Basketball / Sports

Clippers players hope owners' issue won't linger

LOS ANGELES--Blake Griffin said it would not be an "ideal" situation if Donald Sterling still owned the Los Angeles Clippers when next season starts.

J.J. Redick suggested it would not be "kosher" if Sterling still owned the team in the fall.

None of the Clippers who spoke Friday, a day after the Oklahoma City Thunder eliminated them from the playoffs, said they would ask to be traded or have their contracts voided if Sterling doesn't sell the team. But Griffin said he would have to contemplate his future with the Clippers if Sterling stays in place as the owner.

"I don't anticipate that's how it's going to be," Griffin said. "If he still is, I'll make a decision then. But it's not something that's ideal."

After Sterling made disparaging comments about blacks, NBA Commissioner Adam Silver fined Sterling $2.5 million, banned him for life and is trying to get the three-fourths votes needed from the other NBA owners to force Sterling to sell the Clippers.

Redick said he knows it will be a "long process" and that things will "be in flux" for a long while.

"I can't imagine a scenario where we start the season next year and he's the owner and all is kosher," Redick said. "He may be the owner when we start the season next year still, but I would imagine that there will be some legal proceedings ongoing if that's the scenario."

The Clippers hope that the Sterlings -- both Donald and his wife Shelly -- will be forced to sell the team and soon.

Shelly owns 50 percent of the Clippers and has said that she will fight to keep her share of the team.

Donald Sterling's attorney sent a letter to the NBA stating that he won't pay the fine and suggested legal action if the NBA tries to make Sterling sell the team.

"Personally, I think the longer it lasts, the worse it's going to be," Griffin said. "I think something should happen and I think it should happen quickly.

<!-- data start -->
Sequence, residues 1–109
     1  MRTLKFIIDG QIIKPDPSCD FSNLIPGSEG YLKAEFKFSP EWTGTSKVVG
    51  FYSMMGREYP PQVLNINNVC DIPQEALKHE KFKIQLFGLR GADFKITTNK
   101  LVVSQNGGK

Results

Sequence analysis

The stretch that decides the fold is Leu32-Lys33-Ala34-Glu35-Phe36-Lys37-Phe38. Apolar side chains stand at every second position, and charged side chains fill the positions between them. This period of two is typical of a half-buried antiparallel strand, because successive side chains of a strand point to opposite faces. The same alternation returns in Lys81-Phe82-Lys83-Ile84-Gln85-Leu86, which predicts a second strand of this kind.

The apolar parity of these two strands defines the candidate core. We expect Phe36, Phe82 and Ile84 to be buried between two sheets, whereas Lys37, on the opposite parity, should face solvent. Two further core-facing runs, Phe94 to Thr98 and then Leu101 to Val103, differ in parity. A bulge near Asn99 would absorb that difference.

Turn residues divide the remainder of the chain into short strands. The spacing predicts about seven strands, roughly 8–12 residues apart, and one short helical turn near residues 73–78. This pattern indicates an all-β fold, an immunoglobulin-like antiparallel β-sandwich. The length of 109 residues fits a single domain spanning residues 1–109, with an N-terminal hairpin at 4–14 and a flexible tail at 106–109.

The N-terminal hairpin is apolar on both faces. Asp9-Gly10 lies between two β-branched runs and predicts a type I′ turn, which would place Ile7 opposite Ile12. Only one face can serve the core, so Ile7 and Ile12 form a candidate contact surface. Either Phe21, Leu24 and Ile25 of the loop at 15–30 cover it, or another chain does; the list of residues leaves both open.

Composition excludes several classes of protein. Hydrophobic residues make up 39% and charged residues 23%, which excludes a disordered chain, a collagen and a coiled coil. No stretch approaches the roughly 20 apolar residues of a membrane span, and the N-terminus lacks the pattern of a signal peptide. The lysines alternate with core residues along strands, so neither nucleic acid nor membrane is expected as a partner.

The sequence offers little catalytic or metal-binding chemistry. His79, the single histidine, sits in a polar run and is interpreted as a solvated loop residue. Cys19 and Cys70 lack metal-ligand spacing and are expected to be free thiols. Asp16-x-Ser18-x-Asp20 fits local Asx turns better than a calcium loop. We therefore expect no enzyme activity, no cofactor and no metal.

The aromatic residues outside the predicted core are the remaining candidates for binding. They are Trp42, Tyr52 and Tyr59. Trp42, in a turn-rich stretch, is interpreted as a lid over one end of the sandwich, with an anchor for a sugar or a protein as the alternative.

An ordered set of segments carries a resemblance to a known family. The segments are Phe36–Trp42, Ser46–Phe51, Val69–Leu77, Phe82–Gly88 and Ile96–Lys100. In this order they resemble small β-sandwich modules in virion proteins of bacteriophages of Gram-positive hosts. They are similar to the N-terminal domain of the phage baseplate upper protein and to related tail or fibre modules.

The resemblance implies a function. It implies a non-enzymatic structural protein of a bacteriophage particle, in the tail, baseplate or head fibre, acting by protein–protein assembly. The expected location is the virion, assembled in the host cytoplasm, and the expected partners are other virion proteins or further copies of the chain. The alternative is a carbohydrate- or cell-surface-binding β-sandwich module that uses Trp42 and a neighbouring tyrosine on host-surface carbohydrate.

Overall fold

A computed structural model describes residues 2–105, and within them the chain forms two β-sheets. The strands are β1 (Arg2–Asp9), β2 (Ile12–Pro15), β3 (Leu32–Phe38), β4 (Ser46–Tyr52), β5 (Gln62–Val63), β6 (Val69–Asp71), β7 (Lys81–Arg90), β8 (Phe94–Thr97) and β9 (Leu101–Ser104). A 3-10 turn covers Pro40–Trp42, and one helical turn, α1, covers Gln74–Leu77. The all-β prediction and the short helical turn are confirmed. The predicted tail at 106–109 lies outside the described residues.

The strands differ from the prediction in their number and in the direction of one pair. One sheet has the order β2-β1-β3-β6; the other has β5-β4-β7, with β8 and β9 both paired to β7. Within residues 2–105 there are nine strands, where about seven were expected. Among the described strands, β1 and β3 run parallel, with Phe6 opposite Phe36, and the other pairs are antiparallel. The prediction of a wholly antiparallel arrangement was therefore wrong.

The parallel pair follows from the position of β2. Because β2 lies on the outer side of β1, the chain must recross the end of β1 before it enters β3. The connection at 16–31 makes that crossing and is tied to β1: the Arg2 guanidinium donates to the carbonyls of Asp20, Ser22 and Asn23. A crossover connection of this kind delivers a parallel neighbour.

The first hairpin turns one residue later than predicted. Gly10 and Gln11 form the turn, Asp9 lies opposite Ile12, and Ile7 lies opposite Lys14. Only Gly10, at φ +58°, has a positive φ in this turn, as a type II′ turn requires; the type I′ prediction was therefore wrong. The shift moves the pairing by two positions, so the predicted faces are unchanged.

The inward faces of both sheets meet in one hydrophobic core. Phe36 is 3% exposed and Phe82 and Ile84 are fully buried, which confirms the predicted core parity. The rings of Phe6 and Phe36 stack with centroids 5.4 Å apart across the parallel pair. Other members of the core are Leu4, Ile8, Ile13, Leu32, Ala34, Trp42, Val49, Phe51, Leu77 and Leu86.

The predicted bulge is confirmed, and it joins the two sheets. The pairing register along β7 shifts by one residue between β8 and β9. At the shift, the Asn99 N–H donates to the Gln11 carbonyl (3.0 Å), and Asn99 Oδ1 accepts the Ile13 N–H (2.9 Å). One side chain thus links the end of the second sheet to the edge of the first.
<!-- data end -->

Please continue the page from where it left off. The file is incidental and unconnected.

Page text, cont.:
"I don't think anybody wants this to drag out -- except for one or two people. I think it just needs to be swift. I think they need to make their decision and make a change. But at the same time, you have to be patient. There is a due process that has to happen. I understand that."

Griffin said he has trust in the NBA to take care of the Sterling situation.

"It's kind of up to them," Griffin said. "But like I said, I don't think that's an ideal situation for us to start next season with that still going on."

The Clippers didn't have any player exit interviews planned Friday, but Coach Doc Rivers does plan to meet with his players individually next week.

The Clippers started dealing with the Sterling controversy before Game 4 of their first-round series against the Golden State Warriors when an audio was released of Sterling making racially charged comments about blacks.

Over the next three weeks, the Clippers had to face questions every day about Sterling. After the Oklahoma City Thunder knocked the Clippers out of the playoffs Thursday night by winning the second-round series in six games, the Clippers talked about the emotional burden they felt through it all.

"It was draining," Jamal Crawford said. "The reality of it is when everything first happened, I was tired. I couldn't go to sleep. There were so many emotions. It was so many different things. You got so many texts and e-mails and people saying this and everybody having an opinion. . . . With social media, the world is smaller. You can't run from it. You're going to hear about it. But we really banded together. We really leaned on each other."

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